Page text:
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Racehorse owners pen an open letter to the Legislative Assembly 

Owners are continuing their efforts to have the government help them strike a better compensation deal with the Macau Jockey Club.

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Racehorse owners published an open letter to the Legislative Assembly this week, urging lawmakers to assist them in their ongoing campaign for a better compensation package from the Macau Jockey Club (MJC), which is due to close on 1 April after recording massive financial losses.

In the letter, reproduced by specialist website Racing King, the owners reiterated their plea from last weekend’s press conference for legislators and the government to intervene in upcoming talks with the MJC to ensure that owners are properly compensated. 

Currently, the MJC has agreed to subsidise the cost of transporting the racehorses overseas, with a cap of HK$200,000. Owners claim that this amount is insufficient and would result in them incurring a financial loss. 

The letter indicates that MJC chairperson Angela Leong will negotiate a settlement on 12 March with six horse owner representatives from Macao, Hong Kong and mainland China. 

The owners also noted that they “could not accept” the MJC’s “extremely far-fetched reasons” for rejecting their compensation claims, which were outlined in a letter dated 21 February.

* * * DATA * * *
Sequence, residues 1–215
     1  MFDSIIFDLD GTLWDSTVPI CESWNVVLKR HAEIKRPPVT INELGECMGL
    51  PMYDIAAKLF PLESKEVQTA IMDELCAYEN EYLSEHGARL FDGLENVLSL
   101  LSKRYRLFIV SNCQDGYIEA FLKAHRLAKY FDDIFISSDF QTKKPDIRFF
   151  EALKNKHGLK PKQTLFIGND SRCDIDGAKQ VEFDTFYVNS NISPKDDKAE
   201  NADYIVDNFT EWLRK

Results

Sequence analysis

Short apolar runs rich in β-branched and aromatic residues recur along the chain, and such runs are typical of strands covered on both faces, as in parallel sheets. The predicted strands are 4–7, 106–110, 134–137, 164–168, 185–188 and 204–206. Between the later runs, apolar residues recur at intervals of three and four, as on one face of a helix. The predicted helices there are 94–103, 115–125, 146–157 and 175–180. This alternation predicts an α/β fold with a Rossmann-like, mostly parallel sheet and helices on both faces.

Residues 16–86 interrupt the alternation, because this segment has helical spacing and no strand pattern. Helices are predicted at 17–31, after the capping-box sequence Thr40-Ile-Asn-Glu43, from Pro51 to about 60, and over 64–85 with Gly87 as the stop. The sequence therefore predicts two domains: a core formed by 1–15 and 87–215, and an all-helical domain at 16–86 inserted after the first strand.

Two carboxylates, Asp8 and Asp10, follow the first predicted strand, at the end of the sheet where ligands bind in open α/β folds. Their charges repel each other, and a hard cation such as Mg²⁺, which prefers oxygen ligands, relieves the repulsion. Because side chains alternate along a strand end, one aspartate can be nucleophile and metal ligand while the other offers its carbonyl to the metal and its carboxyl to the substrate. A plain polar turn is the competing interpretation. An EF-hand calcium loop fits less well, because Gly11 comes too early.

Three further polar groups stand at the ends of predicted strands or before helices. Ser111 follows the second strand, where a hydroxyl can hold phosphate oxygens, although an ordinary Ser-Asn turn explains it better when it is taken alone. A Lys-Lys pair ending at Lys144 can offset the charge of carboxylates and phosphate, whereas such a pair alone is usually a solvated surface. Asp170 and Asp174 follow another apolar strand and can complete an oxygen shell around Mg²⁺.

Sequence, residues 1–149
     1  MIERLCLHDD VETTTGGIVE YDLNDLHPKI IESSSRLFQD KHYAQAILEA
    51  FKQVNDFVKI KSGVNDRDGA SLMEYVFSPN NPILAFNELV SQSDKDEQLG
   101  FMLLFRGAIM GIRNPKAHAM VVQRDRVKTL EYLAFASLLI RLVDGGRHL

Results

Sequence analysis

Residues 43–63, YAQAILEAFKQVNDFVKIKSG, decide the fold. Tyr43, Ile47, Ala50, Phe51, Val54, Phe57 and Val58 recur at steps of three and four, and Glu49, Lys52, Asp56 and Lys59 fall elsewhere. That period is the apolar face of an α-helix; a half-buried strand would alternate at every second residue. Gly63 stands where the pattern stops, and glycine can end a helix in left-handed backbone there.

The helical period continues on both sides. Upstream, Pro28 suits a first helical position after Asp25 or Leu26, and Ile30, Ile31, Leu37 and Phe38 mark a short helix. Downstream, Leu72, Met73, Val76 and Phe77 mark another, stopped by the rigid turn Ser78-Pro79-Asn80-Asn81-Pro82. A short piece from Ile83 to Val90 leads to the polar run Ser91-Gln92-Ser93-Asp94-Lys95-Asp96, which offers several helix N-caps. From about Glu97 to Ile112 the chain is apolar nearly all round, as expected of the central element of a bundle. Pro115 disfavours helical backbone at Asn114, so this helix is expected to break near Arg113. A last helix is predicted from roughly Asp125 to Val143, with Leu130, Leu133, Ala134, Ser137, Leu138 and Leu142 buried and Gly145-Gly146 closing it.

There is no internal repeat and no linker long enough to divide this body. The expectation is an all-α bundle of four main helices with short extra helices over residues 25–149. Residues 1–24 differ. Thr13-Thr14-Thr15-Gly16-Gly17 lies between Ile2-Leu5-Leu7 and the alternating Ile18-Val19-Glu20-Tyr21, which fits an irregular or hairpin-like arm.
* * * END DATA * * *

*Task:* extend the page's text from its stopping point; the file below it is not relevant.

[See more: Racehorse owners are calling for better compensation from the MJC]

In that document, the club wrote that it was unable to fulfil the owner’s compensation requests due to the financial burden resulting from the early termination of its government contract.

Local broadcaster TDM, however, notes that the MJC has not been required to make any payments to the government as a result of its closure and that it will, in fact, recover a 15 million pataca deposit from the authorities. 

“The horse owners absolutely cannot accept…their [MJC’s] insincere apologies, nor their attempt to shift the blame to horse owners, who they say blindly and wrongly invested in a business that was losing money,” the open letter said.

The owners have asked the government to conduct a reassessment of the MJC’s closure and whether the decision was in the best interest of the city and its residents.

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